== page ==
The OED gives very extensive treatment to the verb 'bless'. I think that its meaning 7 is perhaps relevant to this question. Note that whilst it was 'originally said of God; in later use also of men and things'. In addition to the below the OED also mentions the popular saying about 'having a penny to bless oneself with', referring to a cross on an old silver penny. But I think meaning 7 is interesting. I have significantly edited the vast list of examples:
a. To confer well-being upon; ‘to make happy; to prosper, make successful’ (Johnson). Originally said of God; in later use also of men and things, but generally with an implication of their conferring instrumentally a divine blessing. (Here the association of bless with bliss becomes apparent.)
1549 Bk. Common Prayer (STC 16267) Matrimonie f. xvi*, Looke, O Lord, mercifully vpon them from heauen, and blesse them.
1600 Shakespeare Merchant of Venice iv. i. 183 It [sc. mercy] is twice blest, it blesseth him that giues, and him that takes.
1600 Shakespeare Henry IV, Pt. 2 i. ii. 223 God blesse your expedition.
1697 Dryden tr. Virgil Georgics iv, in tr. Virgil Wks. 144 But she return'd no more, to bless his longing Eyes.
1715 Pope tr. Homer Iliad I. i. 144 When first her blooming Beauties blest my Arms.
1813 Byron Giaour 36, I have possesst, And come what may, I have been blest.
1847 Thackeray Vanity Fair (1848) xxxi. 274 ‘God bless the meat,’ said the Major's wife, solemnly.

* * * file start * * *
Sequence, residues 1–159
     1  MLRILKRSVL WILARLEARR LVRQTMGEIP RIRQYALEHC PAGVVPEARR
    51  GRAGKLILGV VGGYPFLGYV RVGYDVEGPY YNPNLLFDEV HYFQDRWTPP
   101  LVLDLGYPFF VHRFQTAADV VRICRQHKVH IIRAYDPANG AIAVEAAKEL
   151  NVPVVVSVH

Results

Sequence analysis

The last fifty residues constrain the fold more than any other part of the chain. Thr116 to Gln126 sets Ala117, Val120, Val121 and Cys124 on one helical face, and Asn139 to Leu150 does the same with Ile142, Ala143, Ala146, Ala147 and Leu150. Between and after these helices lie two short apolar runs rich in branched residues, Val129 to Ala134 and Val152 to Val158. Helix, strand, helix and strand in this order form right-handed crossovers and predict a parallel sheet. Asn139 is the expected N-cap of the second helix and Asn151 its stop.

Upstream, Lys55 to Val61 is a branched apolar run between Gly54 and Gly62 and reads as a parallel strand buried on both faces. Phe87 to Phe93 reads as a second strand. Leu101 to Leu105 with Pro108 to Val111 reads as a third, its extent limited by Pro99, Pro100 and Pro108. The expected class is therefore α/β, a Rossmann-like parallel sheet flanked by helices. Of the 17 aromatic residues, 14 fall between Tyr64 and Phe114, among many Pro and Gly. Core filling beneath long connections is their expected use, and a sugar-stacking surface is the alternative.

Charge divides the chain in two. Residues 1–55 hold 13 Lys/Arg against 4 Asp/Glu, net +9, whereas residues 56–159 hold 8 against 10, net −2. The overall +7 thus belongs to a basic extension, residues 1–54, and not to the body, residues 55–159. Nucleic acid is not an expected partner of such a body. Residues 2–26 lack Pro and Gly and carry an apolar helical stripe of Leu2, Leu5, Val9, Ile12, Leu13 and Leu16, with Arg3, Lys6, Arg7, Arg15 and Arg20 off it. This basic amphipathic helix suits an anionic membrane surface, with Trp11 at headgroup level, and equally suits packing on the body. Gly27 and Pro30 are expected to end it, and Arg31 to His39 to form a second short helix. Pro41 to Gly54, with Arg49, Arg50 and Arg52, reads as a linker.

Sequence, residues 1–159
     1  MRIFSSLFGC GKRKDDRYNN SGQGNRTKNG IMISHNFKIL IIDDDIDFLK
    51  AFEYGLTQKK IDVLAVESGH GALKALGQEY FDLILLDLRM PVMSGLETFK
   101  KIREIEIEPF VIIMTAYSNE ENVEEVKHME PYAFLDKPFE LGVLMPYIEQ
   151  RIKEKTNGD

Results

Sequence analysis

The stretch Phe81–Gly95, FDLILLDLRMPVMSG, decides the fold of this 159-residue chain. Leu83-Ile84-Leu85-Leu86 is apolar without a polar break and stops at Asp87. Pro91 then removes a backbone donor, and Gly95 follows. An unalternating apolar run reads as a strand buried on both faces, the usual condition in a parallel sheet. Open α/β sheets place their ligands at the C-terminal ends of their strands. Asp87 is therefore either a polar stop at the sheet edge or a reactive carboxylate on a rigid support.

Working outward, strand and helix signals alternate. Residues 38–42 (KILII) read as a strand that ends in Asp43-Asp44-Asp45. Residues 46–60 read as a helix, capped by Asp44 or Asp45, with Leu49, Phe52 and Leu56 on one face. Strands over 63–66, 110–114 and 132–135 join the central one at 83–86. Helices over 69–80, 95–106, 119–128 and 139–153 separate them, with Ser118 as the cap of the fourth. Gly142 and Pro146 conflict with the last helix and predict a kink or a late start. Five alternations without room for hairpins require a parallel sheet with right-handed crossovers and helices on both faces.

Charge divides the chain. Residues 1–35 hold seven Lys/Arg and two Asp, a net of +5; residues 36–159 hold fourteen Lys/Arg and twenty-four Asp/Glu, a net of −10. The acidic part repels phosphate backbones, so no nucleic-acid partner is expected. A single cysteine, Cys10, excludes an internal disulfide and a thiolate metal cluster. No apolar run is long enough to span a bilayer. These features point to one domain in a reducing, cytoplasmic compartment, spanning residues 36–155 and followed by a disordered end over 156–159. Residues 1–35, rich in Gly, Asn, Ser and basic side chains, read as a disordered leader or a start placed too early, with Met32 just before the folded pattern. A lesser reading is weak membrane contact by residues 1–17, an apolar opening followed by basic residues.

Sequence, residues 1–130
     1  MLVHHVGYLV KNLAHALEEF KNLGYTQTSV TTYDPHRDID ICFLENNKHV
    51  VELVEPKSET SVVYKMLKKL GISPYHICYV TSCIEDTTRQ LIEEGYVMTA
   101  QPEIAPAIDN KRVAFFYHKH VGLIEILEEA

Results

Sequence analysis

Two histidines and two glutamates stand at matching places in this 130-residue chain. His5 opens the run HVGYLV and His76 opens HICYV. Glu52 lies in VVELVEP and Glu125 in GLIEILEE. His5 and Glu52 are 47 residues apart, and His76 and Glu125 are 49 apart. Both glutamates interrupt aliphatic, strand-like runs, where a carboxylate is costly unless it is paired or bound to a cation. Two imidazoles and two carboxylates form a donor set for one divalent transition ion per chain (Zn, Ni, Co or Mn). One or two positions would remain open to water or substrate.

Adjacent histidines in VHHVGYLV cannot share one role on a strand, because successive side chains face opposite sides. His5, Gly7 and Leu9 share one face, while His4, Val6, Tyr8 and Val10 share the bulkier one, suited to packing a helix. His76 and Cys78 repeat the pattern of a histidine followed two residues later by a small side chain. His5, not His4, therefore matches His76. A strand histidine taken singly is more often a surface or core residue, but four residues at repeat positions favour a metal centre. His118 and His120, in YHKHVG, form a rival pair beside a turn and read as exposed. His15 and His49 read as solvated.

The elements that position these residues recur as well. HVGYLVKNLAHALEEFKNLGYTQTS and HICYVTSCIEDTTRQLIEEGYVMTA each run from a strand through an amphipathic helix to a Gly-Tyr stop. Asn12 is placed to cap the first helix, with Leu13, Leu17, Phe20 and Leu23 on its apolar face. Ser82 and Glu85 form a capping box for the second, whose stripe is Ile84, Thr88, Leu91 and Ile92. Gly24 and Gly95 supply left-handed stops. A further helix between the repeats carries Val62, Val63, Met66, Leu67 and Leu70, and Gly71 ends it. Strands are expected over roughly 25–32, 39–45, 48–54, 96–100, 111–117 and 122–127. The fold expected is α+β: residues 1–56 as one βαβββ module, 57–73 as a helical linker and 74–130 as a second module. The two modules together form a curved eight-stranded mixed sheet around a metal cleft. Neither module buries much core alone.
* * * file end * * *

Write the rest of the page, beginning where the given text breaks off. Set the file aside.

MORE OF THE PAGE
1850 T. T. Lynch Memorials Theophilus Trinal v. 88 To say that good gives pleasure seems poor expression of the truth that it blesses us.
b. To make happy with some gift: orig. of God as the giver; also of persons or things. (In the first example, blitsian may be really = bliðsian (in bliss n.).)
1600 B. Jonson Every Man out of his Humor ii. iii. 70 She was blest with no more Copie of wit.
1606 Returne from Pernassus ii. v. sig. D2, I will blesse your eares with a very pretty story.
a1616 Shakespeare Tempest (1623) ii. i. 130 You may thank your selfe..That would not blesse our Europe with your daughter.
1649 R. Baxter Saints Everlasting Rest (new ed.) iii. i. 266, I should..return him hearty thanks upon my knees, that ever he blessed his Word in my mouth with such desired success.
1712 J. Arbuthnot John Bull in his Senses iv. 15 Mrs. Bull..bless'd John with three daughters.
1767 J. Fordyce Serm. Young Women I. i. 14 Are you..blest with parents?
1845 P. J. Bailey Festus (ed. 2) 6 To bless him with salvation.
Therefore, in summary it does appear that a human being and an inanimate thing can 'bless' as subject of the verb, though usually with a suggestion, sometimes express sometimes implied, of the blessing being of divine origin